29 June 2020
State TV anchor quits in protest over Russia's constitutional plebiscite

State TV anchor quits in protest over Russia's constitutional plebiscite

Photo: / Facebook

Vladimir Zharinov, a news anchor at the Krasnoyarsk State Television and Radio Company (GTRK 'Krasnoyarsk'), has quit his job in protest over Russia's constitutional amendment vote.

Zharinov called the amendments "a historical crime" and added that "self-respect for those who voted 'yes' is a term from another reality."

The host had worked on state television for the past seven years, and had apparently never "publicised the authorities' openly destructive actions" during his entire career.

"The only way for me not to participate in this madness was to quit. And, of course, I won't attend the vote," he added.

Russians began casting ballots last Thursday in a vote on constitutional reforms that could see Vladimir Putin's rule extended by another 12 years. The plebiscite has will run for an entire week as authorities aim to avoid crowds and prevent the spread of the coronavirus on the main designated voting day, July 1.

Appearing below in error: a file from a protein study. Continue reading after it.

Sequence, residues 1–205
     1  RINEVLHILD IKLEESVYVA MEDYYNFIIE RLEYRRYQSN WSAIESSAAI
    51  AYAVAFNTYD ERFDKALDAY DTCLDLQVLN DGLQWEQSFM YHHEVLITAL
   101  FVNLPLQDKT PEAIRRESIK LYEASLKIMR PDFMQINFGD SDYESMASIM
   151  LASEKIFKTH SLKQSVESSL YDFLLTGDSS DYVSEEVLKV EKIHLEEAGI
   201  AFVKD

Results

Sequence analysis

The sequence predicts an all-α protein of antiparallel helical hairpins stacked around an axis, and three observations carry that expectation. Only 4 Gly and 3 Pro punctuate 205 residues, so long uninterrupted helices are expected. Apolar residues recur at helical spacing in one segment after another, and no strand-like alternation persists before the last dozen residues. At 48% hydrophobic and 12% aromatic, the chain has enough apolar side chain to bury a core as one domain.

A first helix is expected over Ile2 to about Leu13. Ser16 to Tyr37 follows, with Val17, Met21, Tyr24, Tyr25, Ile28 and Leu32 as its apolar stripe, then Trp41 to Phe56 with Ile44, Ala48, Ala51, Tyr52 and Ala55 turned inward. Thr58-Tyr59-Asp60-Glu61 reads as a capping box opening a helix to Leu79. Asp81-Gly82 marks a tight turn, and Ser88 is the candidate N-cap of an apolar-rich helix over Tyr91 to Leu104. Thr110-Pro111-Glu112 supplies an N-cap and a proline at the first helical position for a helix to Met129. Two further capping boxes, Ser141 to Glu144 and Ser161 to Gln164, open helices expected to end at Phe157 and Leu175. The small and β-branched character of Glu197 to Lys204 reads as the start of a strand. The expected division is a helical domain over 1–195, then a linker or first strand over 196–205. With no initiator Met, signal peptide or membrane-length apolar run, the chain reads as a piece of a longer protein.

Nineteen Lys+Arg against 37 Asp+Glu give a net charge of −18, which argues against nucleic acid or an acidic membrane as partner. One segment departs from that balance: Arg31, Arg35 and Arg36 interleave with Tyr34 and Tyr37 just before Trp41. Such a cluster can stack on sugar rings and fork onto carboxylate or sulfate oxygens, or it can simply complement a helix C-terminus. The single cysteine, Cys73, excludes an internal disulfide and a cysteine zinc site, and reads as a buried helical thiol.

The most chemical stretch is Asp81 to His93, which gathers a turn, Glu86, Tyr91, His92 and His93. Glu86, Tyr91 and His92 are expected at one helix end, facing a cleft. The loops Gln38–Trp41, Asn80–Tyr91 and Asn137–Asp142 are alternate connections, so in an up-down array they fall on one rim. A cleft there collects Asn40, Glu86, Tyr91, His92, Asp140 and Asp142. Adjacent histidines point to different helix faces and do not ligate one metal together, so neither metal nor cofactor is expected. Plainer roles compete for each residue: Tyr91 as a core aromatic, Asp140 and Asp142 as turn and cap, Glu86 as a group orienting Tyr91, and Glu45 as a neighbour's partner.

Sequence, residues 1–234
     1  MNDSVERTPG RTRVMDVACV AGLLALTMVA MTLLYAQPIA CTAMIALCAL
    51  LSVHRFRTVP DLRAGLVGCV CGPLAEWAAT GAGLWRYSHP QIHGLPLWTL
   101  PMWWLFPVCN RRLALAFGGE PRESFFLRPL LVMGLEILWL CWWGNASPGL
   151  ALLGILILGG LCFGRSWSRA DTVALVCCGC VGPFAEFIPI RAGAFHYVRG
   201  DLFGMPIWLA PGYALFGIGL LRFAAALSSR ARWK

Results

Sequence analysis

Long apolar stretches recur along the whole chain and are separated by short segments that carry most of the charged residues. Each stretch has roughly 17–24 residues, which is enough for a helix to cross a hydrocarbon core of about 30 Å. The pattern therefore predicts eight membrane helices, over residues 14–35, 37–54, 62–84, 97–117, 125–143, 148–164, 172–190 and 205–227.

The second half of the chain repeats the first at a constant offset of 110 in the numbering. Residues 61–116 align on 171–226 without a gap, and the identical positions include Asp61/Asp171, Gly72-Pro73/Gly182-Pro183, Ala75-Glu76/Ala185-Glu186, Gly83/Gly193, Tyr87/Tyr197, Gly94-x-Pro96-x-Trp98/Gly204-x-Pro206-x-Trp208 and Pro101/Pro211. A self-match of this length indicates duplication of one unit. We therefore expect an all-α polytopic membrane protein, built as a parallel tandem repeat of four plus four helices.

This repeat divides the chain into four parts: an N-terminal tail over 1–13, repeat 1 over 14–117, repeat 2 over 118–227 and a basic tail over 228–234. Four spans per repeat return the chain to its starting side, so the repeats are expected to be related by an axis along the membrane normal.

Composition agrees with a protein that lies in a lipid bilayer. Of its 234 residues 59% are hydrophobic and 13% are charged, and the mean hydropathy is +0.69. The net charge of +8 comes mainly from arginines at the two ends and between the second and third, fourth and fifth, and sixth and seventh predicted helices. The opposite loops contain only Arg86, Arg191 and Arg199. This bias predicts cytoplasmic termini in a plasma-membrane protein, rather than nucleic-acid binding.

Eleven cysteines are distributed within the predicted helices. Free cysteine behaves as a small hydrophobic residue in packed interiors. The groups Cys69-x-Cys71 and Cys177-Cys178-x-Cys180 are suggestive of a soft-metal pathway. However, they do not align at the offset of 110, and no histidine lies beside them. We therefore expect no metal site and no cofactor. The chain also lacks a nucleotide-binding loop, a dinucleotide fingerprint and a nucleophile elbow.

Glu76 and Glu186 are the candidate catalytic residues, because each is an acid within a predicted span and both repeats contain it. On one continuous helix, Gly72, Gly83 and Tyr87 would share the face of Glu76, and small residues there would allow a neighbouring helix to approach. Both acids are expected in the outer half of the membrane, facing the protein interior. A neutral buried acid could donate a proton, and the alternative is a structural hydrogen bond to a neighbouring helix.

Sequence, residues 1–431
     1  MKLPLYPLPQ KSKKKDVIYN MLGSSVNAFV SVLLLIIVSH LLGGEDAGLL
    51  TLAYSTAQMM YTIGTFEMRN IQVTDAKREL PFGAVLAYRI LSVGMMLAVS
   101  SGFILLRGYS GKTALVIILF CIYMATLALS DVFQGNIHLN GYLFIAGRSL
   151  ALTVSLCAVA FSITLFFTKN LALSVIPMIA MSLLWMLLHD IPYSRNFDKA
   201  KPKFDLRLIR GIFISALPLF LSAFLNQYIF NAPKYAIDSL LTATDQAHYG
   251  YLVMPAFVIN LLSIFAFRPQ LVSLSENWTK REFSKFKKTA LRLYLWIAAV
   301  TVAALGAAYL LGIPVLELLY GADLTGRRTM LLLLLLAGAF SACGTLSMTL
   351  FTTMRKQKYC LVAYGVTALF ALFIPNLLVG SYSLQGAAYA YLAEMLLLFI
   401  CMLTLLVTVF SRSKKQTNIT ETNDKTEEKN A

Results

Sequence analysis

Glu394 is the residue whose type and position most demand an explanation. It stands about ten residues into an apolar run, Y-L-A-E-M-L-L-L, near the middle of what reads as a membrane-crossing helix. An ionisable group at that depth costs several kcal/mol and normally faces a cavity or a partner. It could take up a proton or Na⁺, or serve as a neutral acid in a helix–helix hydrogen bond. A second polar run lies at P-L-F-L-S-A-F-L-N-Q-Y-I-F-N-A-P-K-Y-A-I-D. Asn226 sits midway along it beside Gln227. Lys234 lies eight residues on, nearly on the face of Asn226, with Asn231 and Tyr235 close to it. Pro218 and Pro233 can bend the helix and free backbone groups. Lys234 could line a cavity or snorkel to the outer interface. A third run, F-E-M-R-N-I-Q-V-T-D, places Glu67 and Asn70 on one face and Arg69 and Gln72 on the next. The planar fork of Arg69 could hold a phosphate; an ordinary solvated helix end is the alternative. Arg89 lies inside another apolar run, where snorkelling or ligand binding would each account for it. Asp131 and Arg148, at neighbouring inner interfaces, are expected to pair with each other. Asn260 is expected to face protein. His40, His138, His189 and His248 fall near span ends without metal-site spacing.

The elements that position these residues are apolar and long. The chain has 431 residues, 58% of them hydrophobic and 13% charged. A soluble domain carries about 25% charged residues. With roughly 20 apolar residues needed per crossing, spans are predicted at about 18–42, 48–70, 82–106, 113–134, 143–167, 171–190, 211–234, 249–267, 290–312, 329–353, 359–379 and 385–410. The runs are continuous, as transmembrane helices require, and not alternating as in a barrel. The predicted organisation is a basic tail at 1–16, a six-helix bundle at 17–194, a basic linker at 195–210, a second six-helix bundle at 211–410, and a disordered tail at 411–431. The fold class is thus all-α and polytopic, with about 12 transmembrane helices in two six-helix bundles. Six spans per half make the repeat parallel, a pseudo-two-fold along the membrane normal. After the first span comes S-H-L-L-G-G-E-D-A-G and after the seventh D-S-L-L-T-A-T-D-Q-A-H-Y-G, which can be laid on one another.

There are 228,560 active cases of the disease in Russia as of June 29 – it remains third worldwide in terms of total confirmed infections, with 641,156. The country has reported under 7,000 cases of COVID-19 over the past four days.

The vote, originally scheduled for April 22, was rescheduled due to the pandemic. Russian citizens that don't have access to polling stations have been casting their ballots since June 10.

The amendments state that Russia is the legal successor to the Soviet Union, mention God and outline the Russian people as a “state-forming” ethnic group. Another proposed change is the description of marriage as an explicitly heterosexual union.

The reform has been widely criticized by opposition members, human rights groups, and academics, all of whom have pointed at the illegality of the vote and called it a smokescreen concealing Putin's attempt to remain in power. The plebiscite has also been mired in errors, as voters at home and abroad were able to cast two ballots, both in person and online.

Russia's Central Election Commission, the body in charge of the vote, called the incidents a "provocation" and said that voters were "abusing their rights." Kremlin spokesman Dmitry Peskov commented that multiple voting would not affect the the plebiscite's "overall background of legitimacy."